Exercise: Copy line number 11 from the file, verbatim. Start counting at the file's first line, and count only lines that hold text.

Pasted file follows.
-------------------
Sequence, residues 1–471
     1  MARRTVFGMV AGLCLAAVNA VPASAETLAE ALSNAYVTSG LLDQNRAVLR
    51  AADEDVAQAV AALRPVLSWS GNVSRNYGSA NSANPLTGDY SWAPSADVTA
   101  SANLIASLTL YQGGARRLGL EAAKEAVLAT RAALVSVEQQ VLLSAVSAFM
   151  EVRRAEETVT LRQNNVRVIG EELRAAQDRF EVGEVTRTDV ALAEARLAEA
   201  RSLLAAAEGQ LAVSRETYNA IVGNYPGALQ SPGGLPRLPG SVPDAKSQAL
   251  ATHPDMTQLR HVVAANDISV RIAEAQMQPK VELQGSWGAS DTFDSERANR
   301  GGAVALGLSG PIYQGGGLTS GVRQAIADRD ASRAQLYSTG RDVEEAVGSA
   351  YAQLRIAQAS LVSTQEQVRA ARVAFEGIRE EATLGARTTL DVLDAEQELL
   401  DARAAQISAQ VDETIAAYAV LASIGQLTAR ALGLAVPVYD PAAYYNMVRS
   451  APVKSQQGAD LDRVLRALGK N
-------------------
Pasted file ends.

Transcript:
   451  APVKSQQGAD LDRVLRALGK N